New England Honey | Homegrown
Supporting small-scale beekeepers — who tend to be careful with their breeding practices and who limit pesticide use — may also help to protect the bee population from colony collapse.
New England honey ranges from light in color and softly fragrant to dark, rich, and intense. Bees manufacture honey from the nectar of flowers, so in each drop you can taste the essence of local flora. Spring honey — perfect for pairing with an aromatic herb to make a lightly fragrant syrup — derives from the delicate blossoms of fruit trees, clover, and young flowers, while robust summer honey comes from berry plant blossoms and roses. The darkest honey of the year is made in the fall, when bees find nectar in blooms such as goldenrod and aster.
Try New England honey in tea with a splash of milk, on toast with fresh butter and a light sprinkling of sea salt, in savory-sweet salad dressings, and in sophisticated cookies and cakes. Or simply enjoy a fabulous spoonful straight from the jar.
To Bee or Not to Bee
Since late 2006, bees all across the country have been disappearing at an alarming rate. The phenomenon is known as “colony collapse disorder,” but no one understands quite why it’s happening (although a bee virus and overuse of chemical insecticides are just two of several possible culprits). Experts do agree that busy little bees — who work hard pollinating garden plants, wild vegetation, and trees — are essential to the growth of many crops. When regional bee populations dwindle, local farming suffers. For more information, contact your state university system’s extension service or state department of agriculture.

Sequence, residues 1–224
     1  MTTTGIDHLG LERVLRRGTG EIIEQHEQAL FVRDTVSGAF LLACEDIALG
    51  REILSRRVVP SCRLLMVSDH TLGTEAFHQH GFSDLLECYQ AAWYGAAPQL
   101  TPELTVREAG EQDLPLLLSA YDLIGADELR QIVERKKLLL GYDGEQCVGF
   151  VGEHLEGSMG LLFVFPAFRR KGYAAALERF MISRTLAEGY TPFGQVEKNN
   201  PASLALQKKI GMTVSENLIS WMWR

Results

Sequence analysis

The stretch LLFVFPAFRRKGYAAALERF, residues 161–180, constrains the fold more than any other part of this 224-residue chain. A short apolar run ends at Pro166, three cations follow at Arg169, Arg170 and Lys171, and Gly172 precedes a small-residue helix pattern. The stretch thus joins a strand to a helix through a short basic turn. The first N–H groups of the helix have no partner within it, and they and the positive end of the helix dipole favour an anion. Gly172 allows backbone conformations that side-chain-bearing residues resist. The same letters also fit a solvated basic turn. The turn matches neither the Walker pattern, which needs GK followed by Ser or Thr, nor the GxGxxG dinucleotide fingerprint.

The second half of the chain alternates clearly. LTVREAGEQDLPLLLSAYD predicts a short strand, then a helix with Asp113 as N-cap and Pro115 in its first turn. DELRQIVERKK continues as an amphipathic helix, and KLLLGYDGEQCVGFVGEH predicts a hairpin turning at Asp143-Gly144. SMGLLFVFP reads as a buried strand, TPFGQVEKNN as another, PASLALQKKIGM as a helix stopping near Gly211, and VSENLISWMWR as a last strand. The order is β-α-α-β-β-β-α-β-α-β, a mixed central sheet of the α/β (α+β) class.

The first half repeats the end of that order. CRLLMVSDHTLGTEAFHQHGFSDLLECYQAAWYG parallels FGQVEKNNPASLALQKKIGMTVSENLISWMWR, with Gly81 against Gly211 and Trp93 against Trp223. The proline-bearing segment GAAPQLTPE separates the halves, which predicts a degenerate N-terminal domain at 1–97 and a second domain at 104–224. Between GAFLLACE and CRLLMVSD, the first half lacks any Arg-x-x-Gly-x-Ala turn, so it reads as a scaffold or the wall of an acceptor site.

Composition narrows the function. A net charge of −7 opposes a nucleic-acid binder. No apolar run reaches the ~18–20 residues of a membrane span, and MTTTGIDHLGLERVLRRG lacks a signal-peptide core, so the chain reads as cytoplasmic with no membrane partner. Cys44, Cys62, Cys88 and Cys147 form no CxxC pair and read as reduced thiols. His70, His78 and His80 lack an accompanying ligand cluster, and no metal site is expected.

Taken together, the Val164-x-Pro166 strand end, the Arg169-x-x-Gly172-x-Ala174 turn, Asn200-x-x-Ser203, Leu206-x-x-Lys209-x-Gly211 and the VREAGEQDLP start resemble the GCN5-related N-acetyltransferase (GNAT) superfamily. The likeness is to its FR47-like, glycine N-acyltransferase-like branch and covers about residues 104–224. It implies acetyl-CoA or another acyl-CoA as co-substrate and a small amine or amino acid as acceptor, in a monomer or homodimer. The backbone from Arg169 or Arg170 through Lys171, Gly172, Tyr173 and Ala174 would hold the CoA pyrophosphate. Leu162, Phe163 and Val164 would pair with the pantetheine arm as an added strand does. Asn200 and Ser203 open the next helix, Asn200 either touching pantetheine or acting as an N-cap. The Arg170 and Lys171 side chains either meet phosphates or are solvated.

New England Honey Producers
To find some of the best of your local honey bunch, check out your favorite market or farm stand, or visit any of the establishments listed below:
Common Sense Wholesome Food Market
53 Main St., Plymouth, MA
Dan & Whit’s General Store
319 Main St., Norwich, VT
186 Wayland Ave., Providence, RI
577 Tremont St., Boston, MA